Between musicians, politicians, and workout instructors, an unreal amount of jobs are based upon the power of persuasion. Even jobs that don’t hinge on convincing people specific things can be vastly improved by a teaspoon of persuasive power – or several. But how effective can it be?
At risk of spoilers, the answer is that it’s hugely effective. Think of it like the whole diet tea trend. An instragram hype miracle, endless consumers were convinced into buying pricey herbal teas – that were often also laxatives – because their fave celebrity told them too in just the right way. Sure, it’s not the most morally upstanding example – but damn if it isn’t an effective example of the power of persuasion.
Persuasive psychology is one of the weirdest, wildest sciences of all time. It’s studied by professors, used by salesmen, and affects just about every aspect of your daily life. With such substantial power, comes substantial responsibility – as understanding how psychology is used to influence your daily life helps you become not only a smarter consumer, but also a smarter worker.
Design thinking isn’t automatically joined with persuasive psychology, but two share the exact same purpose; making you view something in a specific light.
Pre-suation is a term coined by Robert Cialdini, an author who focuses on the psychology of persuasion. The idea is to persuade people in the direction you want them before you’ve even told them the key part of your message. Cialdini suggests several ways to achieve this; such as getting your target audience to say yes to something trivial before getting to the real questions, as well as using setting and small talk to make your client sympathetic to your message.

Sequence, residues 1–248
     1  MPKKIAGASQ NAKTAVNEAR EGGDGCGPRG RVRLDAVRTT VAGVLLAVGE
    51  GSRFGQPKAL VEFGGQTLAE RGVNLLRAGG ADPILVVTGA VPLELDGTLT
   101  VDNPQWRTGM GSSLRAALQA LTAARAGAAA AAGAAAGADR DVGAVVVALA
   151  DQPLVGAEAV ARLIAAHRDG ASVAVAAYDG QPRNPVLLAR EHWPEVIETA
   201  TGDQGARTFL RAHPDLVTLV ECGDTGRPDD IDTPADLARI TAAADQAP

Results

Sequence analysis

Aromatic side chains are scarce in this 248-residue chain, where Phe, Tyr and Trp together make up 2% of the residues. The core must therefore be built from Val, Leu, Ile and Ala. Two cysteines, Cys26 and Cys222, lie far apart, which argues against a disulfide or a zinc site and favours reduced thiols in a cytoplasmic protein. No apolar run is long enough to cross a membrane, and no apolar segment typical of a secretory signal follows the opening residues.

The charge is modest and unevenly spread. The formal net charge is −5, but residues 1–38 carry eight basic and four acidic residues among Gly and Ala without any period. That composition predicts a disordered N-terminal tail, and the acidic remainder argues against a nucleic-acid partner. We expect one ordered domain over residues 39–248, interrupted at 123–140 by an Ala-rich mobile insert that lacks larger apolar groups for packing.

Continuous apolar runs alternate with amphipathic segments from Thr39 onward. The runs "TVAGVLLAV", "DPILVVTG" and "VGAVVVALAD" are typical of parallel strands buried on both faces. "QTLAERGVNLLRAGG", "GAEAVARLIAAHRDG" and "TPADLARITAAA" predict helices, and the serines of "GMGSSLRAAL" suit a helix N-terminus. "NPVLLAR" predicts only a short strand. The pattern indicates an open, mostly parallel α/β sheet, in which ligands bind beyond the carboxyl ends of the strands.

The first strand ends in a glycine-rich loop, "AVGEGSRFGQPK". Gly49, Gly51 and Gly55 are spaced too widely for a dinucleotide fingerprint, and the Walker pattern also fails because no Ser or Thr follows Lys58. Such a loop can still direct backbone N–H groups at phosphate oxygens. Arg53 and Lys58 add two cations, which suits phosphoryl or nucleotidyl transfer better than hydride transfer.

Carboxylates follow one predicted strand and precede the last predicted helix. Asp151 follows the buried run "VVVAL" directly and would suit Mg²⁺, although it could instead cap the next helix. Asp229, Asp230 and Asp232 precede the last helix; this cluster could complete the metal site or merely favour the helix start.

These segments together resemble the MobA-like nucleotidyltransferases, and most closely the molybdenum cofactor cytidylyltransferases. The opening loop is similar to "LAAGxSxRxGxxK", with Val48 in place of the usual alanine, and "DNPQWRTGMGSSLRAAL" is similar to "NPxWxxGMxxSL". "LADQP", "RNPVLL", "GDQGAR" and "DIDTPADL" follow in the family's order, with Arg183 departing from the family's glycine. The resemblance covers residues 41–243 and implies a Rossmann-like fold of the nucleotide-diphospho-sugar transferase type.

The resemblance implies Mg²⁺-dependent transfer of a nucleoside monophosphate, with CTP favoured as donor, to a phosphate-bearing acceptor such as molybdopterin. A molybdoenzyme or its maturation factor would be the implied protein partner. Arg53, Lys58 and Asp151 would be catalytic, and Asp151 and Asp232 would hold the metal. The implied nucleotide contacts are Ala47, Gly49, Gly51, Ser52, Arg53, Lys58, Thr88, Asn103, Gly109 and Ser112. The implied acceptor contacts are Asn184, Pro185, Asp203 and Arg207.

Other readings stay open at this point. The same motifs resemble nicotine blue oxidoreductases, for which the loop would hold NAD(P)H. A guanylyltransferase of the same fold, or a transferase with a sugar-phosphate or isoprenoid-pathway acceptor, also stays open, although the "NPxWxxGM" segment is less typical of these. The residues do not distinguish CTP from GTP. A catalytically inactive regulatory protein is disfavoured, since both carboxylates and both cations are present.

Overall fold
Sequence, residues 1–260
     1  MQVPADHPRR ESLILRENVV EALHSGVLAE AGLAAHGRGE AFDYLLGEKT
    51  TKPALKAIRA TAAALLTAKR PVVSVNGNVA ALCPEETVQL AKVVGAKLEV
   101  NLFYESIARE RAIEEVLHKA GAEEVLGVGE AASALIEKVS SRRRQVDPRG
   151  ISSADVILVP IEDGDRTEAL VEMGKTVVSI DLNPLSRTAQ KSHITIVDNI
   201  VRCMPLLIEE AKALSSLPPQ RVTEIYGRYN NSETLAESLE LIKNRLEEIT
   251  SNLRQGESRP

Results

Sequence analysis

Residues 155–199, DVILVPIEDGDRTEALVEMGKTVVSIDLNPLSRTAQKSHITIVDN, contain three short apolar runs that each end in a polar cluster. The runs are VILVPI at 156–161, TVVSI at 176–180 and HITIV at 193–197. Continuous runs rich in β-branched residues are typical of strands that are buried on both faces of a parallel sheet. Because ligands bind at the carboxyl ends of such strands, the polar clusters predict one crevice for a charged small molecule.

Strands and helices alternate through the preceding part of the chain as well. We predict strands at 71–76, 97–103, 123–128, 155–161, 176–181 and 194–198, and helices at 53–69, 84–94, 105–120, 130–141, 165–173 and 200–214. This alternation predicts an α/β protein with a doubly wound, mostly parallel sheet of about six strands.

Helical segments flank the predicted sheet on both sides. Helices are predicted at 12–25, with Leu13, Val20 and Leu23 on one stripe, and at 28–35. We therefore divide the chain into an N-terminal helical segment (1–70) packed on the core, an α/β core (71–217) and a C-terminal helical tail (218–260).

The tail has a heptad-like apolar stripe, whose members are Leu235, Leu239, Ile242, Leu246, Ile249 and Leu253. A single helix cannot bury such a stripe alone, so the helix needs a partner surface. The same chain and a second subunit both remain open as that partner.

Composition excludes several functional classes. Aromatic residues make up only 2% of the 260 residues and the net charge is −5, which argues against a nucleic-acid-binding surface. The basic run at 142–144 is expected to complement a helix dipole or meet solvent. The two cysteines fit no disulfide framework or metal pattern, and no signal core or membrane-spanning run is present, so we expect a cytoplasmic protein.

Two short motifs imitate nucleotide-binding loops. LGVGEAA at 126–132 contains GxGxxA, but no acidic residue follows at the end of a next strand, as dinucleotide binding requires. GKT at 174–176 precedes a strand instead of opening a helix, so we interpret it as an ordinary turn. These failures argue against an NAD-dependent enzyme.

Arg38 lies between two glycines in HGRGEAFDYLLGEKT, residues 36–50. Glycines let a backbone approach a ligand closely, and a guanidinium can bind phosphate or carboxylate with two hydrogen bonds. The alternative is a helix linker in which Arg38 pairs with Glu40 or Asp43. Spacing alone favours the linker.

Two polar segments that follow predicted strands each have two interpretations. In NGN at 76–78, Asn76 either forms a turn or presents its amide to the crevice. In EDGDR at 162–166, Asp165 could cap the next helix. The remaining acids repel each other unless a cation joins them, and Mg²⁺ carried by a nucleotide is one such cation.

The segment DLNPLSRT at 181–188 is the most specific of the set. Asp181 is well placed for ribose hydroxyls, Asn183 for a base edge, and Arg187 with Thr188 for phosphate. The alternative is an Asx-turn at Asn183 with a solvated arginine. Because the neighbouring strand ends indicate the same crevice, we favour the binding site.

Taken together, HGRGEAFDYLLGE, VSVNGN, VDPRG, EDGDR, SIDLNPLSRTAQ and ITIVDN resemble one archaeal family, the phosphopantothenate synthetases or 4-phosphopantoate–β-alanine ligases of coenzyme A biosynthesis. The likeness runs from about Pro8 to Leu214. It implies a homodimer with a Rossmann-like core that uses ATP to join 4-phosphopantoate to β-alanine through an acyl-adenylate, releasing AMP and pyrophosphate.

In terms of design thinking, this becomes especially useful. Thinking about how your preliminary, less relevant parts of what you are designing can affect your audience is sure to streamline your design into top cohesiveness. Similarly, focusing on creating a specific tone or message from the outset is sure to make for more compelling work, increasing its overall effectiveness.
Becoming a semi-psychic master of psychological persuasion sounds fun -but it’s not always going to work. Not every situation allows for persuasive techniques – and, more importantly, you don’t always want to be persuading people. When trying to use persuasive techniques in the big wide world, it’s worth remembering that sometimes it’s equally important to see what a non-influenced reaction is too. Knowing your audiences gut response is crucial to understanding your goals – and will help you know what kind of persuasion works best, too.